These sound like lullabies or candidates for the Hispanic remake of Juno. They also sound like the cutest, sweetest set of songs I've heard so far this year.
Tronco are on Elefant Records. This might give you some inkling as to where they're coming from. This is an indie sensibility but its one that prioritises fun and banishes earnestness. I'm more than happy to go along with that.
There's nothing demanding about this record but I'm not one to bow to the maxim that pain necessarily means gain. This isn't actually as easy to do as it sounds. Tronco do it very well.
Each song on here is light as a feather. Or light as a souffle. Or whatever your metaphor of choice for lightness might be. Trunco are fleet of foot and deft of touch. They take you back to childhood for forty minutes. For forty winks if you will. They remind you that we must never ever lose touch with our own childhoods and what it felt like to be lost in that limitless experience.
So all bound for morningtown, many miles away. Tronco gave me one of the most magical musical rides I expect to experience in this year, in fact in many years. It's an album I'll listen to many, many times over the coming months. A safe and wonderful place.
Tuesday, April 27, 2021
Covers # 160 Marie Laforet
Tracy Thorn - My Rock 'n' Roll Friend
The third act of the Go Betweens long journey is certainly throwing up some interesting and surprising insights and revelations. For a band that never came up with so much as a hit single or charting album during their years as an active, touring and recording band, they're certainly making their mark now, and not only on the margins of proceedings where they previously operated. But oddly towards the mainstream. Or at least the middle aged, Radio 4 listenership mainstream.
The emerging insights and revelations shed new light not only of the main players of the Go Betweens drama, essentially Robert Forster, Grant McLennan, Lindy Morrison and Amanda Brown, but also on those who latched onto them at the time and followed their journey thereafter. Bookish, sensitive types mostly. I'd say we can all learn something about ourselves from Thorn's book. It's never too late to reflect and make realisations about the person you were in your late teens and twenties. About the way that others saw you and why they saw you that way. It's a good idea to try to I'd say. The Go Betweens, more than any band I can think of, act as a useful rule measure for this process. Particularly for the likes of me who came of age myself as they were recording and releasing their landmark statements.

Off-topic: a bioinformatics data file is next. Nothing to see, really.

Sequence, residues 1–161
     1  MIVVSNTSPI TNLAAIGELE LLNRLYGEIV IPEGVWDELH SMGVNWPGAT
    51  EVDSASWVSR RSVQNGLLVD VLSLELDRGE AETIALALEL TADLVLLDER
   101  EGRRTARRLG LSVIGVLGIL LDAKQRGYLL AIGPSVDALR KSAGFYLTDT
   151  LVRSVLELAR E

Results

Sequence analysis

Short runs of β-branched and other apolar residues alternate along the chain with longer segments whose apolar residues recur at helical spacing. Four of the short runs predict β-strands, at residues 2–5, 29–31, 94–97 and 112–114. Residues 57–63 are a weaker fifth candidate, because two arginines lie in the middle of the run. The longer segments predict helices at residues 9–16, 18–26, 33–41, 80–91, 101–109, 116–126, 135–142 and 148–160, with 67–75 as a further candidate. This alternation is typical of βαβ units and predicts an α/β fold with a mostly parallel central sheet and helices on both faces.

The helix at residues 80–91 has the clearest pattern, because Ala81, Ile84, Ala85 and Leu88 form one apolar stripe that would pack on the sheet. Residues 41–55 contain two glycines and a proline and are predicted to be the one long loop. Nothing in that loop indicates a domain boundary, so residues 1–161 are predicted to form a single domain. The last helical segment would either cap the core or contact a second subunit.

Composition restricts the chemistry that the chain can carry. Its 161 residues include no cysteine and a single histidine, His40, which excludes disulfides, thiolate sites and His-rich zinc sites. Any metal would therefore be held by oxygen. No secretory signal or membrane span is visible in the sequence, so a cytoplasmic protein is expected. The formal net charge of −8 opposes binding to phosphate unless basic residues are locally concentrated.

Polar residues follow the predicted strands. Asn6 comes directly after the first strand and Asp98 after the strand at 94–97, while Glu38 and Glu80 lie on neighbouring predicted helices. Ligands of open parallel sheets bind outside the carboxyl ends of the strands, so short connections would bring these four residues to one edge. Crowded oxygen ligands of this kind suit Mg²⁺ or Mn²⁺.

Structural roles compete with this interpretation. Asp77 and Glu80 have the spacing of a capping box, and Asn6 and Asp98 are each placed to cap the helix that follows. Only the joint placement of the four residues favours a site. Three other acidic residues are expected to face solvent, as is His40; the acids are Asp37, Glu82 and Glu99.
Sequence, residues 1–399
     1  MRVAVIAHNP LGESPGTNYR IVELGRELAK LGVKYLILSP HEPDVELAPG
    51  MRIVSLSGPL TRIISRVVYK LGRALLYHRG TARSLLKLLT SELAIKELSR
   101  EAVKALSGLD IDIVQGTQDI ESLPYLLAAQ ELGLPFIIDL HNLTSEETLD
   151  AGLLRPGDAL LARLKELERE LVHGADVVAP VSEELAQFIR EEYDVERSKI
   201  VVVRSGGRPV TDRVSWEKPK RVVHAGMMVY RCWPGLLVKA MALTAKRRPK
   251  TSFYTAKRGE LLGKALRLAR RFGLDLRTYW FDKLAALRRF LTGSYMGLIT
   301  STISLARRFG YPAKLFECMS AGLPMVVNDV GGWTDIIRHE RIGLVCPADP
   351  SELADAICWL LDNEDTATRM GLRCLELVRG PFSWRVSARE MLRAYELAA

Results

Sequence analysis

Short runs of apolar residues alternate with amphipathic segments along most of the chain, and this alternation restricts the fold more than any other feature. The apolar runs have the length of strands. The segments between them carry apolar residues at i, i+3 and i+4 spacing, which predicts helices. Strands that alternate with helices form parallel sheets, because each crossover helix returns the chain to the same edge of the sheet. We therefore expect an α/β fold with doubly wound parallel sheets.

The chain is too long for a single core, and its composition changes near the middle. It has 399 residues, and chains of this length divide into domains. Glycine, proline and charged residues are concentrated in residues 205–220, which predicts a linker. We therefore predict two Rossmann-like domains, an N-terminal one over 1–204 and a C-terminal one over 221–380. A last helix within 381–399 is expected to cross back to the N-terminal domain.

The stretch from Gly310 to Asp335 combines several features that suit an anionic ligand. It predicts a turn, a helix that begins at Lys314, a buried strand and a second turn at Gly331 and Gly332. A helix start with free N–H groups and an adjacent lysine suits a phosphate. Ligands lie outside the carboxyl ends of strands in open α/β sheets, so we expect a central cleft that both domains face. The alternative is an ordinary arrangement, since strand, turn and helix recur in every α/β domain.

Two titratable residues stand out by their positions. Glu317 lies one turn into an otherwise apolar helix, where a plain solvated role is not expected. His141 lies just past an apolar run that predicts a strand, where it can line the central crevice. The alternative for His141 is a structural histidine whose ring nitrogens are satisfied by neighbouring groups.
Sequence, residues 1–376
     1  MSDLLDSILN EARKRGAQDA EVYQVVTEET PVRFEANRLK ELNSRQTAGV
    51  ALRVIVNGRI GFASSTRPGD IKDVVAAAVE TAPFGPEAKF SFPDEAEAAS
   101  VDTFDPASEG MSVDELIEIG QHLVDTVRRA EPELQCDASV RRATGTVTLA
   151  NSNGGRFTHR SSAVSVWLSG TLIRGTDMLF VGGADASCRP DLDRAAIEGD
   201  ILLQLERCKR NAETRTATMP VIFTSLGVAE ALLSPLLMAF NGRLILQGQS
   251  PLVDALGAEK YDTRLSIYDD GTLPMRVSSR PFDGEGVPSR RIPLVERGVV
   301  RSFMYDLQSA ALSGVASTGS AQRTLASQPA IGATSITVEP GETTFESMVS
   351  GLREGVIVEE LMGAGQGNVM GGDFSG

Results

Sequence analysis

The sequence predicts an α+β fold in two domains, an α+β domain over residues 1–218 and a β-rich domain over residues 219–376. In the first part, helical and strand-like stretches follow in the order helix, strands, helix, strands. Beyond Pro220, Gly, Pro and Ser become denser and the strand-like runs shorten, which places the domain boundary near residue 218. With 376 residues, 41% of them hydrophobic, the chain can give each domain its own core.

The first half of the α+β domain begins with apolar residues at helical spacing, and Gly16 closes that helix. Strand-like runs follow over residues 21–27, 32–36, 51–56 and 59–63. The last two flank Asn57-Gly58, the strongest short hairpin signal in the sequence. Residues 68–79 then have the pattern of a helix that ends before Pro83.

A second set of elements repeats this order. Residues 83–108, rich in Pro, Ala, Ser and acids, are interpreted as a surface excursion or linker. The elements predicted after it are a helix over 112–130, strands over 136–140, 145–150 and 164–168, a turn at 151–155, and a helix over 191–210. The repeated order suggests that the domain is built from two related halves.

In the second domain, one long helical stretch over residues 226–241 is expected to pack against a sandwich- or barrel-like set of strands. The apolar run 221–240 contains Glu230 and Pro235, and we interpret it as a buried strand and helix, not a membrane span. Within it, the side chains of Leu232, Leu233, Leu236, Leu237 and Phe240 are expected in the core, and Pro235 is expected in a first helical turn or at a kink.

Devotees of the band like myself, are truly blessed these days. Since the still painful death of McLennan in 2007 we've seen unprecedent post band activity, most of it instigated by Grant's writing companion and supportive adversary Robert Forster. We've had a memoir, Grant & I, one of the best books of these kinds I've read, a couple of deeply comprehensive box sets, a documentary and wonderfully a bridge in their hometown Brisbane bearing their name. All, (apart from the latter), to greater or lesser degrees pushing the Forster perspective of things, largely fuelled I'd say not by overbearing ego, but a burning need to do McLennan and his talent justice. Probably also to foreground themselves as the main players in the band.
Now we have My Rock 'n'Roll Friend, Tracey Thorn's recently released counter-memoir, of her friendship with Lindsay Morrison, at once a co-collaborator, a musician, a muse, a foil and an antagonist within the Go Betweens pot. A woman often described as 'difficult' because of how her inherent strength of personality drew attention to some basic contradictions implicit in the way that both Forster and McLennan wished to project themselves throughout their careers. As feminists, and men who loved and respected women primarily. But ones who also wanted to be stars. And also ultimately to take the lion's share of the credit for the band's particular artistic achievement.